A mother of a 14-year-old boy who has been diagnosed with autism, and who also has a rare genetic disorder, said her child is doing well.
The ABC has been told the child is in intensive care after doctors discovered he had a rare form of the genetic disorder known as microcephaly.
The child is now being monitored by a specialist in the field, but has not been told what kind of treatment he will receive.
The mother, who asked to remain anonymous, said she was told her son had a very small brain mass, which makes him vulnerable to brain damage.
“It’s a little bit frightening because there are a lot of other things happening,” she said.
“We don’t have a lot, so he’s a bit vulnerable.”
The child, who has cerebral palsy, is not receiving any of the standard therapy, including cognitive behavioural therapy, to control his symptoms, but she said the boy was being monitored closely by doctors.
“They’re very concerned about him, they’re concerned about his brain,” she explained.
“And they’re very, very anxious about him.”
She said her son’s condition was deteriorating rapidly and that his family was worried about him.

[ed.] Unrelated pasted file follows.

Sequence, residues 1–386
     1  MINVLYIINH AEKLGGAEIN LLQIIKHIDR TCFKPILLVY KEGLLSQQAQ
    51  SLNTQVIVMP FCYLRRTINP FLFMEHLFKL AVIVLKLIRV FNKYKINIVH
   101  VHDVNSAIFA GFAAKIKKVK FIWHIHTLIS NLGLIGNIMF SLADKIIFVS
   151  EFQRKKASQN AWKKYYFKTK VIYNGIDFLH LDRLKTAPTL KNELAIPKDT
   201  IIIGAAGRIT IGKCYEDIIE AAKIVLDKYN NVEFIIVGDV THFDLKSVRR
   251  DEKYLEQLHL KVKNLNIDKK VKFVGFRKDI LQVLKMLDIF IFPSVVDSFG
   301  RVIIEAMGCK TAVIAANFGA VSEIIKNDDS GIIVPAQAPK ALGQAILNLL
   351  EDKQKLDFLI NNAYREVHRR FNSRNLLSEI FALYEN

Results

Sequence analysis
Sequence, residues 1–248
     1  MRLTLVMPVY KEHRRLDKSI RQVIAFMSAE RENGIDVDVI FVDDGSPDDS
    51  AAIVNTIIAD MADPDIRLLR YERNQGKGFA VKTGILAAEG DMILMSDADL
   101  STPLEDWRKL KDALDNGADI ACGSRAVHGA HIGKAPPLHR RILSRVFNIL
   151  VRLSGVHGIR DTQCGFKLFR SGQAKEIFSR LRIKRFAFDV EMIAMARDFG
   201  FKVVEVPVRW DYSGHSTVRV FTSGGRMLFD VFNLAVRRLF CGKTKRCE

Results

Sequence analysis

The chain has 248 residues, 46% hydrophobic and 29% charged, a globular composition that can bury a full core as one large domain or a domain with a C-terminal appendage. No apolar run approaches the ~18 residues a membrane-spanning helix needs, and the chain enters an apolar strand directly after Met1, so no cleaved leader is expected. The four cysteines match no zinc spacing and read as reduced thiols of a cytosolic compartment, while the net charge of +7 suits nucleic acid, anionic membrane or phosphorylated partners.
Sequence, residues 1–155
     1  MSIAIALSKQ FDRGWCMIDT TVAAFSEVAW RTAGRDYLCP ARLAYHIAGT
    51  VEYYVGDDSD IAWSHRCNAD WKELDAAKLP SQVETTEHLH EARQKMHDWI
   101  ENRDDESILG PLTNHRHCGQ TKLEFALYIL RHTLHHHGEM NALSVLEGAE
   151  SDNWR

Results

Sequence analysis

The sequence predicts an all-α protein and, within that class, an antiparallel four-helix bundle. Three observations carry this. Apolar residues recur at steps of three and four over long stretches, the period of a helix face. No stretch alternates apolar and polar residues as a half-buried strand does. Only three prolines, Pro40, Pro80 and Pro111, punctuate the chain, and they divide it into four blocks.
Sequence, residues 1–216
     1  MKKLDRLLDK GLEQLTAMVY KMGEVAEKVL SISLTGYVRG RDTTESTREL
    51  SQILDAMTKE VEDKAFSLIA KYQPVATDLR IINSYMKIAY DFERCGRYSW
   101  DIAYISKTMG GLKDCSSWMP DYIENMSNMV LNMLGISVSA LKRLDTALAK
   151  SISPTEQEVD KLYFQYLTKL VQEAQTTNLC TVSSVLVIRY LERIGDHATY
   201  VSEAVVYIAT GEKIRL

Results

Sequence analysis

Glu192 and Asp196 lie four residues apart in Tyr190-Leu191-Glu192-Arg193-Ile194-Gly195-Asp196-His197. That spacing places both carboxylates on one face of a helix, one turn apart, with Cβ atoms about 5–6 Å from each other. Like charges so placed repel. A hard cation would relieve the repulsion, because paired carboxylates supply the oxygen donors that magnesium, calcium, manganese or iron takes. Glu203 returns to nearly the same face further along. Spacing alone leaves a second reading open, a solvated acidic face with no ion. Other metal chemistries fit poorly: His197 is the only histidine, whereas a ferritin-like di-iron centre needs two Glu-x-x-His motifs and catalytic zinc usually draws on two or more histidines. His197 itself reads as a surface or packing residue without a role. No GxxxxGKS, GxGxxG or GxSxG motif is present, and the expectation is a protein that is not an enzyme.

“He has this small brain that is going to get damaged and that’s not good for him,” she added.
“This is just really hard for us to cope with.”‘
There is a problem with the boys’ safety’The mother said the children’s carer was “not very helpful” and that it was not safe for the boys to be in the home.
“I have a little boy who lives with his mum and I’ve seen him suffer,” she told the ABC.
“There is no one to take care of him, there’s no one around to keep him company.”
The family have been through a lot.
It’s not something we are prepared to put up with.
“These are children, and these are their families, and this is their safety, and they need the same sort of care as anyone else.”
The family said the family had received numerous death threats and that their safety was being seriously questioned.””
This is the hardest thing I’ve had to deal with.”
The family said the family had received numerous death threats and that their safety was being seriously questioned.
“If we are going to have a relationship with the police, we will have to leave the house,” she claimed.
“Our kids are scared to go to the toilet, they are afraid to walk the streets and they are scared of the police.”
The mother of the 14-week-old said she did not want to be identified as she feared her family would lose her child.
“Because we don’t want them to be afraid of the media,” she admitted.
“For us, it’s just been like we’re not safe.”
Topics:child-abuse,child-health,health-policy,children,autism,family-and-children,family,sociology,autistic-disorder,covid-19,sydney-2000Contact Michelle RauContact Lisa CondonMore stories from New South Wales